Making a Haskell (Scotty) web app and putting it on Heroku

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This won't be a very in-depth tutorial or anything, but should serve to provide an updated reference for how to make a simple Haskell web app using Scotty that connects to Redis and serves out some static assets (in this case, my Elm app).

This project uses stack and requires little more than haskell-stack on homebrew and npm.



Once the stack project init has run, you'll have to add some dependencies to [your-proj].cabal:

build-depends:       base
                   , scotty <- scotty and some deps
                   , clay
                   , text
                   , blaze-html <- blaze for html
                   , blaze-markup
                   , wai-extra <- stuff for the web app interface
                   , wai-middleware-static
                   , hedis <- redis lib for haskell
                   , directory <- system directory info stuff
                   , regex-base <- regex packages
                   , regex-tdfa
                   , regex-compat-tdfa
                   , bytestring <- because many libs use bytestrings
                   , transformers <- monad transformers, e.g. liftIO
                   , aeson <- aeson for JSON

In addition, I've found I've had to declare my other modules like so: (please correct me if I've messed it up)

other-modules:       Database
                   , Routes
                   , Views.Index
                   , Views.Layout


I also have a front-end project within in a directory called "web". Probably the config can live in your main project folder, I just made it this way out of laziness.

in project.json:
  "devDependencies": {
    "elm-webpack-loader": "^3.0.3",
    "webpack": "^1.13.1"

  module.exports = {
    entry: [
    output: {
      filename: 'dist/index.js'
    module: {
      loaders: [{
        test: /\.elm$/,
        exclude: [/elm-stuff/, /node_modules/],
        loader: 'elm-webpack'

We'll come back to Heroku set up at the very end.



I don't necessarily want to go into everything, but I'll try to have the important bits included.


import Database (connectInfo, getDBConnection, seedDB)
import Routes (routes)

main :: IO ()
main = do
  -- get the list of my show files, extract the show name, and then remove duplicates
  myShows <- nub . getNames <$> getShows

  -- read in environment vars
  port <- read <$> getEnv "PORT"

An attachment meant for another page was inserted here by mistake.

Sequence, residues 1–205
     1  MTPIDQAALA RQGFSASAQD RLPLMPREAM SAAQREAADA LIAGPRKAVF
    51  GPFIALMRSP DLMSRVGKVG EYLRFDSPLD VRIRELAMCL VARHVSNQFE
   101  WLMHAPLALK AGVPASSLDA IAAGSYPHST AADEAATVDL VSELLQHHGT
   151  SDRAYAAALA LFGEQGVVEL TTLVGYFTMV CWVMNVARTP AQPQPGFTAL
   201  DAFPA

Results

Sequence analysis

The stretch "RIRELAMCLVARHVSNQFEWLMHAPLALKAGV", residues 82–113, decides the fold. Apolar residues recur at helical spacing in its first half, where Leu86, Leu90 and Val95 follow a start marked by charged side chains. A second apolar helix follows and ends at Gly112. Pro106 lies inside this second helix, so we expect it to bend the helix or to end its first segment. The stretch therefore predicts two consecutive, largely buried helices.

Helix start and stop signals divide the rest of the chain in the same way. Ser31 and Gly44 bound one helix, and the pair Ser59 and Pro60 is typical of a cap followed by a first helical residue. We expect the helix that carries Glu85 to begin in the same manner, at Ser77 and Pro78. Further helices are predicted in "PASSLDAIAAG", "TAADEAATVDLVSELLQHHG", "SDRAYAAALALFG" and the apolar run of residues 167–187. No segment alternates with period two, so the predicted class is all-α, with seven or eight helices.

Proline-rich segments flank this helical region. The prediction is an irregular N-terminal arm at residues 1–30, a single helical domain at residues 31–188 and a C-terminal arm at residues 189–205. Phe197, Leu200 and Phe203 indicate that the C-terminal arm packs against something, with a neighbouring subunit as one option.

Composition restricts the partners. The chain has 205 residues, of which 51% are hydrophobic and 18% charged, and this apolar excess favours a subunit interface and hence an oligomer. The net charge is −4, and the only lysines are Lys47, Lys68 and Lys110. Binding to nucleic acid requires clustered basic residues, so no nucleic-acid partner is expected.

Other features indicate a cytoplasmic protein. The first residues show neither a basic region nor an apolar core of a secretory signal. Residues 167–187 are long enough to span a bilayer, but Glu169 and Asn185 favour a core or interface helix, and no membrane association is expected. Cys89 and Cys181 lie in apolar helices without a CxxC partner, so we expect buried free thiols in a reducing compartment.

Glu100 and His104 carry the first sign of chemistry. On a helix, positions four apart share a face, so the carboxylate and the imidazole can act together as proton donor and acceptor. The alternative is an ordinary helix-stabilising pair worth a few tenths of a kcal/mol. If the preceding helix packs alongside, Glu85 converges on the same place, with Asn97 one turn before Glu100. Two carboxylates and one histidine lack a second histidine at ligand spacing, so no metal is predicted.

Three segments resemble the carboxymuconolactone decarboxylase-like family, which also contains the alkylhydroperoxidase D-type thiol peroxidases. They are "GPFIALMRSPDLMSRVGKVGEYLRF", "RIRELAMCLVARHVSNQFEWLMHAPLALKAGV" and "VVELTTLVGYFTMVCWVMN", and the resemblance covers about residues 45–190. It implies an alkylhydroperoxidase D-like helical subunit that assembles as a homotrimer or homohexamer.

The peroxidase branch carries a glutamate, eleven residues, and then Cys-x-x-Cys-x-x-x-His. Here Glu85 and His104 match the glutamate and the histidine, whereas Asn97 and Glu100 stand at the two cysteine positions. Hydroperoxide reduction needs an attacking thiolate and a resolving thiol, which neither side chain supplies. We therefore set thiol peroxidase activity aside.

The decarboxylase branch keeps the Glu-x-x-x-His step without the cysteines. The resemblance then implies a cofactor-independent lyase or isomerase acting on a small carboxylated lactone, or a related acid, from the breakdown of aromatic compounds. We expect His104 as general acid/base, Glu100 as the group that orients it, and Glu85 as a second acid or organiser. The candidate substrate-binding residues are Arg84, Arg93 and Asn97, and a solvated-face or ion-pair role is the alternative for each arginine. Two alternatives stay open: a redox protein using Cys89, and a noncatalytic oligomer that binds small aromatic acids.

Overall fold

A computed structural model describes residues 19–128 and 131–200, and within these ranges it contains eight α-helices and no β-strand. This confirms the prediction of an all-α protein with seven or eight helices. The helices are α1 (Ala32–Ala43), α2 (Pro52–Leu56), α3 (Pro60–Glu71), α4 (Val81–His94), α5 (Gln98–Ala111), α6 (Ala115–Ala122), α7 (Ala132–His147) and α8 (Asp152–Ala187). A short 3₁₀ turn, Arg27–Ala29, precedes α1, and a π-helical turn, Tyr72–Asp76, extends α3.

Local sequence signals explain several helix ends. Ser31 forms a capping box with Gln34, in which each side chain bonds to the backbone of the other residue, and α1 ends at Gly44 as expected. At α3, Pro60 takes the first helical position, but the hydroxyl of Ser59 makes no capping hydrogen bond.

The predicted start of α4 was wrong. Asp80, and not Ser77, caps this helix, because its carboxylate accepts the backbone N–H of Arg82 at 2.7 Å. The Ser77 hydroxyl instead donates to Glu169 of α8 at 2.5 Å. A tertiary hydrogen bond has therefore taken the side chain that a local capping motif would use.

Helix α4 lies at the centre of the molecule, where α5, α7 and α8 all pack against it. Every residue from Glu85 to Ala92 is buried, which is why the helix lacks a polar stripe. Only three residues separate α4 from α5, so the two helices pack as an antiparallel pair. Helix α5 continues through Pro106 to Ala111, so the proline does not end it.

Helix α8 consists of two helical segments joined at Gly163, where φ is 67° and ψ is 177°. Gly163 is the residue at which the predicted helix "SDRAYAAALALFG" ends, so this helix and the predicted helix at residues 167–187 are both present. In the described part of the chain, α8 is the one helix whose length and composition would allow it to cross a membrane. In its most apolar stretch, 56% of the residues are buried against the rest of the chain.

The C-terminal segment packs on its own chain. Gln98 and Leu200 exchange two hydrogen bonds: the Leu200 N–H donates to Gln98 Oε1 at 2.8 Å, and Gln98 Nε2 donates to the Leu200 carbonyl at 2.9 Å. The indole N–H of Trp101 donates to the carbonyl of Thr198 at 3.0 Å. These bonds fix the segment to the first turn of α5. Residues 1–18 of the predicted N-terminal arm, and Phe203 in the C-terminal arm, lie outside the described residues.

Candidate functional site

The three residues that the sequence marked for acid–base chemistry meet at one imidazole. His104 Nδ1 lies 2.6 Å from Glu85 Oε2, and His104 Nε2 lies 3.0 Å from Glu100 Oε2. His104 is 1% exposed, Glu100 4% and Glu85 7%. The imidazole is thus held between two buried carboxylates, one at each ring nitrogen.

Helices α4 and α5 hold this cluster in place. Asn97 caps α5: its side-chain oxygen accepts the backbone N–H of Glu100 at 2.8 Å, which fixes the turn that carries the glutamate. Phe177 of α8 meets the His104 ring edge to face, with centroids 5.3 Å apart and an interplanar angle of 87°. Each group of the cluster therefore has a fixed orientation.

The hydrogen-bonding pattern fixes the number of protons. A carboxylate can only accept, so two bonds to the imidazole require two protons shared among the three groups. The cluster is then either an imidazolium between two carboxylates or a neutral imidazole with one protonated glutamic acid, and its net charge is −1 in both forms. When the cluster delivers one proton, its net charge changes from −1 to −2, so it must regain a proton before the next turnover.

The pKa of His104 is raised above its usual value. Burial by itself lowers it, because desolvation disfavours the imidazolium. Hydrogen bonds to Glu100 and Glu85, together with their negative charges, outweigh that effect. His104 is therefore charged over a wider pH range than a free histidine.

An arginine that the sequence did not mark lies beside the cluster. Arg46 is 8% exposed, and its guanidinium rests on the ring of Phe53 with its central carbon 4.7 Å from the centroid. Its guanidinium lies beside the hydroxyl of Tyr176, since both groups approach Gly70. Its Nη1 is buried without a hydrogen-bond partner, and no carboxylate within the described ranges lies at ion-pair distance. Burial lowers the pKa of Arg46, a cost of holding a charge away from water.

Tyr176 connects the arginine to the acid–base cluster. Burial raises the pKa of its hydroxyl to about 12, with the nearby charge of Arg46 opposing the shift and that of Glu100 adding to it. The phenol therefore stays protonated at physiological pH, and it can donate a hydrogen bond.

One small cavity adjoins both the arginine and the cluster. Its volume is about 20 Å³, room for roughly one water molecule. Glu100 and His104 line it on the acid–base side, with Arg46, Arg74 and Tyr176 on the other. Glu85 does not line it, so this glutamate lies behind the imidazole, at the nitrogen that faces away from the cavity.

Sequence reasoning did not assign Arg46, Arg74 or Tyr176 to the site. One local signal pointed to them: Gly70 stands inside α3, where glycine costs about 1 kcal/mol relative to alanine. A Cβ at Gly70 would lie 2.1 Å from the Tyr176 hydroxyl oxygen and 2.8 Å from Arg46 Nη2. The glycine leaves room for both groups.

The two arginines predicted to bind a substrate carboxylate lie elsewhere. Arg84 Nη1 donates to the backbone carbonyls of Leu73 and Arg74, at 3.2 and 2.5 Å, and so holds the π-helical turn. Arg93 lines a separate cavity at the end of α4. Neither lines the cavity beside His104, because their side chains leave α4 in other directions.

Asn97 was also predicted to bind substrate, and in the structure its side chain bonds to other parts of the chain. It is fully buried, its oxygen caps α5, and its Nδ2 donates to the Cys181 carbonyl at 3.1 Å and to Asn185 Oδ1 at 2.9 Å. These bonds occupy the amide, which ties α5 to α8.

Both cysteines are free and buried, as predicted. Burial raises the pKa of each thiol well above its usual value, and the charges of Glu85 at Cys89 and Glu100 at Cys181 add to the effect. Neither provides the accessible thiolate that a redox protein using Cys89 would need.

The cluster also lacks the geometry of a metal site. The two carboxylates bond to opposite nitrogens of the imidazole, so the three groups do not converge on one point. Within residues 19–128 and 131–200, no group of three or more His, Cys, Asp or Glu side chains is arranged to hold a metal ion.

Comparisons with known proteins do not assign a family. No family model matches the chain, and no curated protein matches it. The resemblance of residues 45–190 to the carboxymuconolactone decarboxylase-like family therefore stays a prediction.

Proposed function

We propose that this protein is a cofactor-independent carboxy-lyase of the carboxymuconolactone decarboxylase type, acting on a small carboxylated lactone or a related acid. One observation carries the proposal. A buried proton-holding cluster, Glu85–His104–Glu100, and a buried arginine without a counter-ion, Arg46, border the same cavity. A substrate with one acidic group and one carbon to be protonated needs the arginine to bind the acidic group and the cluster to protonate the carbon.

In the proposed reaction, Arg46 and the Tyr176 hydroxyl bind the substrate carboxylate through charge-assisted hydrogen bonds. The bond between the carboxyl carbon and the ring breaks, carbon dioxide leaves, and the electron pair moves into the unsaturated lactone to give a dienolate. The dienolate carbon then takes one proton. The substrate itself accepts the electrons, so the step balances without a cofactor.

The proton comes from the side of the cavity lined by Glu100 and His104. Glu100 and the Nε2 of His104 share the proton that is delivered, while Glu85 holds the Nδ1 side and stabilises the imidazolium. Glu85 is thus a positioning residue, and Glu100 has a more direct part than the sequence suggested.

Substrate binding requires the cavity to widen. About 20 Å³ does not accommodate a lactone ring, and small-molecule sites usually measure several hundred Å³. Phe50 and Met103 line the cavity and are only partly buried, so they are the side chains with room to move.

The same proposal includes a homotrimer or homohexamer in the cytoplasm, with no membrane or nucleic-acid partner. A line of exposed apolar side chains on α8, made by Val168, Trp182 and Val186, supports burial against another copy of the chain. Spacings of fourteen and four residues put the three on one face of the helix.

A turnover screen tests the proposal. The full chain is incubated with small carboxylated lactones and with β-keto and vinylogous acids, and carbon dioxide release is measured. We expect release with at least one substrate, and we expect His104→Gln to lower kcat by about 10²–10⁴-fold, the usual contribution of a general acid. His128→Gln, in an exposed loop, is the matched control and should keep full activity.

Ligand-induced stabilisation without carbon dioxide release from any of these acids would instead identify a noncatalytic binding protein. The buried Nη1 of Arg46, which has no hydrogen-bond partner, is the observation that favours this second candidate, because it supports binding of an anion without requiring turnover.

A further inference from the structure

host <- getEnv "REDIS_HOST"
  redisPort <- getEnv "REDIS_PORT"
  auth <- getEnv "REDIS_AUTH"

  -- get a connection to my DB using my own connectInfo constructor helper
  -- also make sure my auth key has been packed into a bytestring
  conn <- getDBConnection $ connectInfo host redisPort $ pack auth

  -- run the seeding of my DB
  _ <- seedDB conn myShows

  -- start up scotty now
  scotty port $ do
    -- apply static asset delivery using the provided path
    middleware $ staticPolicy $ addBase "web/dist"

    -- apply my routes function
    routes conn myShows


routes :: Connection -> [String] -> ScottyM ()
routes conn myShows = do
  get "/" $ do
    -- lift the IO operation from the standard ScottyM action
    -- where I'm encoding data I get and showing it as a String
    -- mapped to the result of fetching my shows data
    myShows' <- liftIO $ show . encode <$> fetchShowsData conn myShows

    -- build html with blaze using that string input
    indexView myShows'

  post "/increment" $ do
    -- get "name" from the form data params
    name <- param "name"

    -- do an incrementShow operation
    result <- liftIO $ incrementShow conn name

    -- handle the result
    case result of
      -- when it works, we can build html packing the string showing of the result
      Right int -> html $ pack $ show int

      -- very lazy error case handling
      _ -> html "u suck"


-- declare the MyShow type and its fields
data MyShow = MyShow
  { name :: String
  , count :: String

-- then instance Data.Aeson.ToJSON accordingly for how to serialize MyShow
-- (this can be generically derived though, I did it for verbosity)